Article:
I saw the original Disney version of “La Belle et la Bête” when it hit theaters in 1991, and since then I’ve seen it a few times, keeping the film fresh in my mind. My daughter, of course, was more than happy to see it again, and my son is always excited to wear his 3D glasses.
In Disney’s version of the story, Belle is an odd, book-reading girl living in a small Provencal town with her eccentric father. She uses her books to escape the everyday banality of her life and the lives of those around her that never seem to change. Pursued by the boorish Gaston, who desires her more as a trophy than for any true romantic interest, Belle longs for the fairytale life she reads about in her books.
After her inventor father gets lost on his way to a fair, Belle’s life changes when she retraces her father’s steps and finds herself at the Beast’s castle, where her father is held captive. Exchanging herself for her father, she begins to learn the castle’s secrets as she is given free run of the building, except for the west wing, where the Beast’s lair is located.
The enchanted denizens of the castle try to bring Belle and the Beast together, but the Beast’s raging temper causes Belle to break her promise and flee into the woods. She doesn’t get far before encountering a pack of wolves. The Beast shows up just in time to save her, but he collapses after fighting the pack off.
Belle returns him to the castle and in the process of caring for his wounds sees through his beastly facade. The two grow together as Belle’s father attempts to rescue his daughter from her imprisonment. Because Belle is missing her father, the Beast lets her use a magic mirror and she sees that her father is sick and collapsed in the woods. The Beast allows her to go to her father and take the mirror to look back.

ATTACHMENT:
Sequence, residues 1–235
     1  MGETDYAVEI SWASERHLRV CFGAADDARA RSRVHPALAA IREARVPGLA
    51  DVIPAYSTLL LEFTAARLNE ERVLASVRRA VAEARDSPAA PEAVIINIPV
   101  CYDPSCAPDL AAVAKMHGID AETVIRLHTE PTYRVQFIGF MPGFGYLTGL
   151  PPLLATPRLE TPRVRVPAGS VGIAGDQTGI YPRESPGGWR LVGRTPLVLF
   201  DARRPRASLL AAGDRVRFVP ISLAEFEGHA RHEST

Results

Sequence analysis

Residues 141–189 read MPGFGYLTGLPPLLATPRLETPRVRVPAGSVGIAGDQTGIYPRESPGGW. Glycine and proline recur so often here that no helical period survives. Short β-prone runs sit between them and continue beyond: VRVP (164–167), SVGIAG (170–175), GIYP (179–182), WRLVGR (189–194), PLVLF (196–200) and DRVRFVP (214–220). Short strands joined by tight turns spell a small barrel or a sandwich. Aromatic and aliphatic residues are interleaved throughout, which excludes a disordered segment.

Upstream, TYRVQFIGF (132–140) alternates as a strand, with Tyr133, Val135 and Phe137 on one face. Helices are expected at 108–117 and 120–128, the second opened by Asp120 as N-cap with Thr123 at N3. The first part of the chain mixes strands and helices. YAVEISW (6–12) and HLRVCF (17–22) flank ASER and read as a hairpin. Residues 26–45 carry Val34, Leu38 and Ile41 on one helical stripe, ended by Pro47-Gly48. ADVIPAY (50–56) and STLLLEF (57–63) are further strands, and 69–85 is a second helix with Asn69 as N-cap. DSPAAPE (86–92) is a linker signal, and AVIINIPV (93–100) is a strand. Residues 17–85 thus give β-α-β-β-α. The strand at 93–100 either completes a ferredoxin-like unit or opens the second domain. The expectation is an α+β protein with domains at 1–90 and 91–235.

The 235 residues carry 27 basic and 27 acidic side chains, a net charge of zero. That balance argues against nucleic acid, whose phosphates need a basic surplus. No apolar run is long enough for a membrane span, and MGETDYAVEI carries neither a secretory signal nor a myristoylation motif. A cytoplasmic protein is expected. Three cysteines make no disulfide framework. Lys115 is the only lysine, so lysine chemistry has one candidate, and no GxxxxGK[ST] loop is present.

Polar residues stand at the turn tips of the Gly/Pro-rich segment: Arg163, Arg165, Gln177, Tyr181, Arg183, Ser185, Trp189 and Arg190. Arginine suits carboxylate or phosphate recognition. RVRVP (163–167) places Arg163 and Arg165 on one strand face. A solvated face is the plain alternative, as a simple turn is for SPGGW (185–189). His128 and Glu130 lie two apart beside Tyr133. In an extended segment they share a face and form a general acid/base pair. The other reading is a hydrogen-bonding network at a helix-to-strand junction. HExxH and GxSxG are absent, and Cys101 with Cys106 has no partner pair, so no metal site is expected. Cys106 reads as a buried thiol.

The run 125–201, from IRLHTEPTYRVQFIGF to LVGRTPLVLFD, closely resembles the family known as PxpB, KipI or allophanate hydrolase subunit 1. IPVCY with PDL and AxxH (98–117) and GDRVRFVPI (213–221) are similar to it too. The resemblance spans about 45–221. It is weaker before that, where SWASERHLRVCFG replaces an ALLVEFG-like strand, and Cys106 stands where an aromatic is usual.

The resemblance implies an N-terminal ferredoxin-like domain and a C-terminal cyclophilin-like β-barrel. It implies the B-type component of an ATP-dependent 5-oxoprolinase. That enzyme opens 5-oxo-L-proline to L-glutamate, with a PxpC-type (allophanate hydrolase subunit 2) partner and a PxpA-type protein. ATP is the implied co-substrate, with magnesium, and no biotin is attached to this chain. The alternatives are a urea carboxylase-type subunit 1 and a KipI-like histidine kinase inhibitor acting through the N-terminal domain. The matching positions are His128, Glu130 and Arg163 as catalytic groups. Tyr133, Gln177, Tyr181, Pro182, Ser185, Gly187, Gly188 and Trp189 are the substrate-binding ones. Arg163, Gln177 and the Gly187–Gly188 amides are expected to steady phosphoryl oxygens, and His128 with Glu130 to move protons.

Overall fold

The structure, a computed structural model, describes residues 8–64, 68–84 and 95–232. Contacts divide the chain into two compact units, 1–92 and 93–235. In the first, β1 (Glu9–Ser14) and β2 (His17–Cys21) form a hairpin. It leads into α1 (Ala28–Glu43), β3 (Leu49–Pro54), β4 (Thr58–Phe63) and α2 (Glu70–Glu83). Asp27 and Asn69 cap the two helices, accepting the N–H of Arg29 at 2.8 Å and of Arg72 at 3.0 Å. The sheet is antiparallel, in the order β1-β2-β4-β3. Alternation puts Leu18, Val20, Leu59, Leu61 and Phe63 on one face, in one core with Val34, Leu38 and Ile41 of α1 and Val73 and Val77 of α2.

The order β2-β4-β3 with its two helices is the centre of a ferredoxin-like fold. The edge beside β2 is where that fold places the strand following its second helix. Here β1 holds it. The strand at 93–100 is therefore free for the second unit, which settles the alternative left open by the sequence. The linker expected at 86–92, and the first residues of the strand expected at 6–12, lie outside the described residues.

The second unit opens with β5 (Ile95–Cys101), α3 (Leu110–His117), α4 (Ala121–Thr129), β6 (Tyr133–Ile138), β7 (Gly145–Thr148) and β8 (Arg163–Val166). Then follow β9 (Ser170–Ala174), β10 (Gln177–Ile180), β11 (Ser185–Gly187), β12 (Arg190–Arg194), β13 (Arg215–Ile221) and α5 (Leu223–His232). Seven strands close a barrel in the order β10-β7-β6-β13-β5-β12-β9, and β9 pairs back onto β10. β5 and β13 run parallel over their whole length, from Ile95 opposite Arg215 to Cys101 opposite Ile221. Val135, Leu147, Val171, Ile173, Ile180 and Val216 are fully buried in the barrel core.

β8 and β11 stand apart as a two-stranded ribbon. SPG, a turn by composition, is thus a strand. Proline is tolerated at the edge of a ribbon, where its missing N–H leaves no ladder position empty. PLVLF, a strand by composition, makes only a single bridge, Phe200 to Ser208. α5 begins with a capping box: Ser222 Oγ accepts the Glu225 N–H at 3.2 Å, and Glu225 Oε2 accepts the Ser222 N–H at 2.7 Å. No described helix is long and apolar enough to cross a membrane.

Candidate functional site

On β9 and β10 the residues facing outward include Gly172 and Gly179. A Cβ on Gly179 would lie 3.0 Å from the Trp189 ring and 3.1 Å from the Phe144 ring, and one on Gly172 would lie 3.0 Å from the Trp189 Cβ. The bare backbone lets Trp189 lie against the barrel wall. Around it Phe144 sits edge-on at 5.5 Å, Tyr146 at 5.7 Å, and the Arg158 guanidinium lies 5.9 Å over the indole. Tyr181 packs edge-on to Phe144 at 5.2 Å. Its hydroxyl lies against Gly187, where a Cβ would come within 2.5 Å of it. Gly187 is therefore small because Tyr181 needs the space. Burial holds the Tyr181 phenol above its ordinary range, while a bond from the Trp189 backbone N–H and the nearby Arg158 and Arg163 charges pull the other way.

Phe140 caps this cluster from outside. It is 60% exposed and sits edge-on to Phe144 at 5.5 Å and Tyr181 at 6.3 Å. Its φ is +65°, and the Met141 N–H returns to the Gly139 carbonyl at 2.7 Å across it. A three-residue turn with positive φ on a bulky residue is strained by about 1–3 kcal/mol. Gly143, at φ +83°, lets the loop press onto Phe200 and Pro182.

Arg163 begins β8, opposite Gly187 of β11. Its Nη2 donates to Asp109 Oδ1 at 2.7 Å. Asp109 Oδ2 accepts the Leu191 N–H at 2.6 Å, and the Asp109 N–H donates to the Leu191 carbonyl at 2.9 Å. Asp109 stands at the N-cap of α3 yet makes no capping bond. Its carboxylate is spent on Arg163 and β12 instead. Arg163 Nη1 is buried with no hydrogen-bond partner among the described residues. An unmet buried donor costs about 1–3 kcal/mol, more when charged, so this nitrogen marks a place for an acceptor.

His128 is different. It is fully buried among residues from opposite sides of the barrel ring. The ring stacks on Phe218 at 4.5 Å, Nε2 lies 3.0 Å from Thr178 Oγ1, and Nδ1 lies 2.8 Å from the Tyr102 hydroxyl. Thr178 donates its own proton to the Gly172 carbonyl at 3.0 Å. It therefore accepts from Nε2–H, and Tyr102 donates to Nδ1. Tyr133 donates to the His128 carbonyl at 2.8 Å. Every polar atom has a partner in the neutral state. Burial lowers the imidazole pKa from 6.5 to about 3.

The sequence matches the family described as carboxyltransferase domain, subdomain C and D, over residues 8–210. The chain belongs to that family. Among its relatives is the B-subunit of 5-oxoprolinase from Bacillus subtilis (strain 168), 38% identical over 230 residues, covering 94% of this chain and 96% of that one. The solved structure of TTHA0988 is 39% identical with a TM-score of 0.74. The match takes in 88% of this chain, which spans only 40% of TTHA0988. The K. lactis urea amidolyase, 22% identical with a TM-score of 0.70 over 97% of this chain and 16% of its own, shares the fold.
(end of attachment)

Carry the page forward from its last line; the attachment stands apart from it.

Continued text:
Back in the village, Gaston has hatched a plot to threaten Belle’s father with being committed to the asylum to force Belle into marrying him. In an attempt to prove that her father is not crazy, she uses the mirror to show the townsfolk that the Beast is real, but this only serves to whip them into a frenzy of fear and hatred for the monster.
At the castle, the Beast feels the loss of love and that pain has taken his will to fight. Only the enchanted furnishings stand by to defend the castle against the coming mob.
Feeling responsible for the mob now set to destroy the Beast, Belle returns to help him. Her return gives the Beast the will to fight back.
Disney’s telling of “The Beauty and the Beast” is as charming as it ever was. The addition of 3D lends little to the story, however. In the few places where 3D could have been exploited for some kind of enhancement to the viewing experience, the results are less than effective. The end result of adding 3D to this kind of animation is the same as looking through a View-Master. There are even a few scenes where the process of adding 3D has made the animation suffer.
The kids, of course, enjoyed the chance to see “Beauty and the Beast” on the big screen, but I think they would have enjoyed it just as much without the glasses.